SLRs and mirrorless cameras take interchangeable lenses, but the fitting, or ‘lens mount’, varies from one brand to another, so can’t usually use one brand of lenses on another brand of camera. Independent third-party lens makers offer their lenses in two, three or more different lens mounts to fit different camera brands, but lenses made by camera makers typically only fit their own cameras.
Modern lenses attach to the camera via a twist-lock ‘bayonet mount’. You line up two dots on the lens and the camera body, then twist and lock the lens into place. To remove a lens you press a button no the camera body to release a catch, then turn the lens the other way to remove it.
These bayonet mounts have different diameters, different physical connections on different brands of camera, together with a complex set of electrical connectors that are specific to that brand. Manufacturers may even use different lens mounts for different camera ranges.
For example, Canon uses the EF lens mount for its full frame DSLR cameras, but a modified EF-S mount for its smaller format APS-C DSLRs. You can fit EF lenses to EF-S mount cameras, but not the other way around. Canon introduced a new EF-M mount for its APS-C mirrorless cameras. These take new lenses designed for this mount, though it is also possible to fit Canon DSLR lenses via a lens adaptor.
Lens adaptors, or ‘mount adaptors’, are often used to fit lenses to camera bodies they were not originally designed for. They are available mainly for fitting DSLR lenses on to mirrorless camera bodies, and they work because the flange distance – the distance from the rear of the lens to the sensor – is smaller on a mirrorless camera, which leaves room to fit a lens adaptor between the lens and the body. Otherwise, lens adaptors can only be used if the rear lens mount is narrower than the lens mount on the body.
To return to Canon, the company introduced a fourth lens mount – the RF mount – with the full frame mirrorless camera range it launched in 2018. This has brought its own range of native RF lenses, though again it’s possible to use EF/EF-S DSLR lenses with an adaptor.
Canon’s great DSLR rival Nikon has been using the same Nikon F mount for its DSLR cameras since 1959, though this has been steadily modified over the years so that although early lenses will still fit, the latest autofocus and exposure options are available only with the latest camera bodies and lenses. Like Canon, Nikon makes both APS-C and full frame DSLRs. Nikon calls these ‘DX’ and ‘FX’ format cameras respectively, but they both use the same lens mount and you can use full frame FX lenses on DX cameras and vice versa – though attaching a DX lens will make an FX camera swap to a ‘crop mode’ which uses an APS-C sized area of its sensor.
Like Canon, Nikon has introduced a range of full frame mirrorless cameras with a new lens mount. The new Nikon Z-mount is wider than the Nikon F mount with a shorter flange distance, and while it comes with a new range of native Z-mount lenses, it is possible to fit Nikon DSLR lenses via an adaptor and retain all their autofocus and exposure capabilities.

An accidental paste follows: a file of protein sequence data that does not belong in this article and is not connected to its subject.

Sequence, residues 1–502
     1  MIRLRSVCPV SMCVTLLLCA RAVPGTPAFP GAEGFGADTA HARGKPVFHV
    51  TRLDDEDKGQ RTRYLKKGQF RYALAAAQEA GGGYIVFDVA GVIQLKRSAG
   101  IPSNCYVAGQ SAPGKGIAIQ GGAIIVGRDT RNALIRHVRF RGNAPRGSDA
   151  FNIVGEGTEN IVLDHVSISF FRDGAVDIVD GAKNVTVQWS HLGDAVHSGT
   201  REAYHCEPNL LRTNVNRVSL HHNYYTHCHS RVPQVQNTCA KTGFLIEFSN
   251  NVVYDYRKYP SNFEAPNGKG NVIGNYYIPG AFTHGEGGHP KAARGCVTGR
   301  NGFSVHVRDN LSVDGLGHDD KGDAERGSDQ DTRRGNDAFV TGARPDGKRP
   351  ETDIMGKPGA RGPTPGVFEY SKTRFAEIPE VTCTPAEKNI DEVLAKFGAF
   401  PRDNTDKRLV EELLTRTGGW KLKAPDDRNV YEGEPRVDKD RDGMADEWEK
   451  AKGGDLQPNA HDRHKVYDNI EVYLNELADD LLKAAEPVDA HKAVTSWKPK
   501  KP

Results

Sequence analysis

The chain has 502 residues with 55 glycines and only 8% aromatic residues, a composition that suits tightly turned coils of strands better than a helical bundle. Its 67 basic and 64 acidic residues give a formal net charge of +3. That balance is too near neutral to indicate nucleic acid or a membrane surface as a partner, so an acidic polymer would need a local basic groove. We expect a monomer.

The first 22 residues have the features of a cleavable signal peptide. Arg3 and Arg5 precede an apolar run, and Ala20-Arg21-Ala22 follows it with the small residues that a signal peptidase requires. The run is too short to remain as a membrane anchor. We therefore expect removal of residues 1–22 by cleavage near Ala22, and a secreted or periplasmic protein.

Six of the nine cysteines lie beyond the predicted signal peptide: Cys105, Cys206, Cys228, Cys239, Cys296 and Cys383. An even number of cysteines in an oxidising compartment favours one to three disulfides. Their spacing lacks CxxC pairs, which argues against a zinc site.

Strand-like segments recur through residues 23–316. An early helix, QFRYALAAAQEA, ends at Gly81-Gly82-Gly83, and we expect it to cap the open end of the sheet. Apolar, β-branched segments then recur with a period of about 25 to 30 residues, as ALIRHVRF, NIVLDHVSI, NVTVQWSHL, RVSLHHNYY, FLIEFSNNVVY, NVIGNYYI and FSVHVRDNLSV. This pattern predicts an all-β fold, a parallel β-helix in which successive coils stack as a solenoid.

Pentax has a similar arrangement. Like Nikon, Pentax has been using its own lens mount – the Pentax K/KA mount – since before the advent of digital cameras, but it has steadily evolved with new electronic connections and capabilities. Pentax also makes both APS-C and full frame cameras. You can use the same lenses on both, but a lens designed for an APS-C camera will be used in ‘crop’ mode on a full frame camera. Pentax also makes a medium format camera, the 645Z, which has its own, larger Pentax 645 A mount.
The situation is quite complicated in the Sony range. For a while, Sony made SLT (single lens translucent) cameras using a sort of hybrid mirrorless/DSLR designed with a fixed translucent mirror. These are still available, though in decline, and use the Sony A-mount. Again, these cameras came in APS-C and full frame formats, with lenses designed for each.
Sony is now committed to mirrorless cameras, and introduced its own E-mount lens mount for these. Later, it added full frame mirrorless cameras to the line-up and these use the Sony FE mount to distinguish them from the smaller format cameras. In fact, however, the mounts are identical and E-mount and FE mount lenses are interchangeable.
What does make things confusing with Sony is that it calls both its older SLR cameras and its new mirrorless models ‘Sony Alpha‘ cameras.
Fujifilm cameras are simpler. Its APS-C format X-series mirrorless cameras all use the same X-mount lens mount. Fujifilm has however introduced a range of medium-format GFX cameras which use a new, larger G mount.
All these different lens mounts are confusing and irritating for consumers, but makers have at one time or another joined forces develop lens mounts jointly.
The Micro Four Thirds format was developed by Olympus and Panasonic and is used to this day by both makers. It’s even possible to use Olympus lenses on Panasonic cameras and vice versa.
More recently, Panasonic, Leica and Sigma have joined forces to create the L-mount alliance, where Panasonic and Leica full frame mirrorless cameras use the same lens mount (developed by Leica) and Sigma’s optical expertise has been used to quickly build a wide range of compatible lenses. Sigma has also announced its own full frame mirrorless camera, also using the L-mount.